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Prayer in the Ancient World (PAW) is an innovative resource on prayer in the ancient Near East and Mediterranean. The over 350 entries in PAW showcase a robust selection of the range of different types of prayers attested from Mesopotamia, Egypt, Anatolia, the Levant, early Judaism and Christianity, Greece, Rome, Arabia, and Iran, enhanced by critical commentary.
The project illustrates the variety of ways human beings have sought to communicate with or influence beings with extraordinary superhuman power for millennia. By including diverse examples such as vows and oaths, blessings, curses, incantations, graffiti, iconography, and more, PAW casts a wide net. In so doing, PAW privileges no particular tradition or conception of how to interact with the divine; for example, the project refuses to perpetuate a value distinction between “prayer,” “magic,” and “cursing.”

Detailed overviews introduce each area and address key issues such as language and terminology, geographical distribution, materiality, orality, phenomenology of prayer, prayer and magic, blessings and curses, and ritual settings and ritual actors. In order to be as comprehensive as practically possible, the volume includes a representative prayer of every attested type from each tradition.

Individual entries include a wealth of information. Each begins with a list of essential details, including the source, region, date, occasion, type and function, performers, and materiality of the prayer. Next, after a concise summary and a brief synopsis of the main textual witnesses, a formal description calls attention to the exemplar’s literary and stylistic features, rhetorical structure, important motifs, and terminology. The occasions when the prayer was used and its function are analyzed, followed by a discussion of how this exemplar fits within the range of variation of this type of prayer practice, both synchronically and diachronically. Important features of the prayer relevant for cross-cultural comparison are foregrounded in the subsequent section. Following an up-to-date translation, a concise yet detailed commentary provides explanations necessary for understanding the prayer and its function. Finally, each entry concludes with a bibliography of essential primary and secondary resources for further study.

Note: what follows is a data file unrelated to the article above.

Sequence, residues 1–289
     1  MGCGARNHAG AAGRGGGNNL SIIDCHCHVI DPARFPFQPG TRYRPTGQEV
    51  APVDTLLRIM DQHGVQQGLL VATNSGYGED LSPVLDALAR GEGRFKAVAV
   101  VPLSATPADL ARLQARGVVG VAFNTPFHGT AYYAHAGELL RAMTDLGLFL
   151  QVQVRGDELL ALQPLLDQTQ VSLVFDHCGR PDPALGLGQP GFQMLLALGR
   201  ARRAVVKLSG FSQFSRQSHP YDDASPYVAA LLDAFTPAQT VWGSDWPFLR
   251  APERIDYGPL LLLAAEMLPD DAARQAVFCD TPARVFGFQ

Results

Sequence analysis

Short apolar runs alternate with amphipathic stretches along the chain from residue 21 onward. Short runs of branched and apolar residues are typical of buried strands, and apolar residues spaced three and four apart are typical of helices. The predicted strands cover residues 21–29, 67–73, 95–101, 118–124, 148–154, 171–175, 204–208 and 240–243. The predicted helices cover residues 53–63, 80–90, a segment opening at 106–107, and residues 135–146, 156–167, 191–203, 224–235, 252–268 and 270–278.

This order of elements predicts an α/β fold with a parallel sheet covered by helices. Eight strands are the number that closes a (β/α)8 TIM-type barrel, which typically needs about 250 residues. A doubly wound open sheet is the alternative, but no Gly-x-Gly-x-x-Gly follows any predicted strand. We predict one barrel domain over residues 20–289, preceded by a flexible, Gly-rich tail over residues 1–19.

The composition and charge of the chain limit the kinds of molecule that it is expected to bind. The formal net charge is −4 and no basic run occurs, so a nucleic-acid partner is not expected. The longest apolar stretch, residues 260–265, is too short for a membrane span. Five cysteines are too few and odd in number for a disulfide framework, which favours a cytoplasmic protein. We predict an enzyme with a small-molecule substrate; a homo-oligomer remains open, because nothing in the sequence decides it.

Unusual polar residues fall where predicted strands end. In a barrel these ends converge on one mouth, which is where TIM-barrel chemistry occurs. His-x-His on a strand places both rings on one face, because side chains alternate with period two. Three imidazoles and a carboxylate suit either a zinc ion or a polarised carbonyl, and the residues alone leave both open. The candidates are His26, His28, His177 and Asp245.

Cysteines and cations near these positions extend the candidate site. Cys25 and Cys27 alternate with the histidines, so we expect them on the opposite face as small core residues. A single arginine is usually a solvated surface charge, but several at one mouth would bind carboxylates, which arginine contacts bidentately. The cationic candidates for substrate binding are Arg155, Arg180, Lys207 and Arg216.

Author:
Akkadian Royal Letters in Later Mespotamian Tradition reconsiders the question of the authenticity of the letters attributed to earlier royal correspondents that were studied in Assyrian and Babylonian scribal centres ca. 700–100 BCE. By scrutinizing the letters’ contents, language, possible transmission histories ca. 1400–100 BCE and the epistemic limitations of authenticity criticism, the book grounds scepticism about the letters’ authenticity in previously undiscussed features of the texts. It also provides a new foundation for research into the related questions of when and why these beguiling texts were composed in the first place.
Brill's Biblical Studies, Ancient Near East and Early Christianity E-Books Online, Collection 2024 is the electronic version of the book publication program of Brill in the field of Biblical Studies, Ancient Near East and Early Christianity in 2024.

Coverage:
Biblical Studies, Ancient Judaism, Ancient Near East, Egyptology, Dead Sea Scrolls, Gnosticism & Manichaeism, Early Church & Patristics

This E-Book Collection is part of Brill's Biblical Studies, Ancient Near East and Early Christianity E-Books Online Collection.

The title list and free MARC records are available for download here.

For other pricing options, consortium arrangements and free 30-day trials contact us at sales-us@brill.com (the Americas) or sales-nl@brill.com (Europe, Middle East, Africa & Asia-Pacific).
An Early Qurʾānic Codex on Papyrus (P. Hamb. Arab. 68)
In the eighth century CE, the Christian theologian John Damascene referred to a Book of the Cow among the sacred texts of the Muslims. P. Hamb. Arab. 68 not only represents so far the earliest known Qurʾānic manuscript preserved on papyrus, but also bears witness to an independent circulation of the Sūra of The Cow in late seventh- or early eighth-century Egypt. Significant deviations from the commonly accepted text of the Qurʾān suggest that this copy was rapidly discarded. The present volume offers a complete edition as well as a thorough philological and historical study of the manuscript.
Oriental Studies, Politics, and History between Gotha and Africa, 1650-1700
Volume Editors:
Jan Loop, and
Hiob Ludolf (1624-1704) and Johann Michael Wansleben (1635-1679), the master and his erstwhile student could not be more different. Ludolf was a celebrated member of the Republic of Letters and the towering authority on Ethiopian studies. Wansleben, himself a brilliant scholar and, unlike Ludolf, a seasoned traveller in the Middle East, converted to Catholicism and eventually died impoverished and marginalized. Both stood at the centre of the burgeoning study of Ethiopia and spent a formative part of their career in middle sized Dutchy of Saxe-Gotha which for several years played a pivotal role in Ethiopian-European encounters. This volume offers in-depth studies of the remarkable life and work of these two scholars in a broader intellectual, political, and confessional context.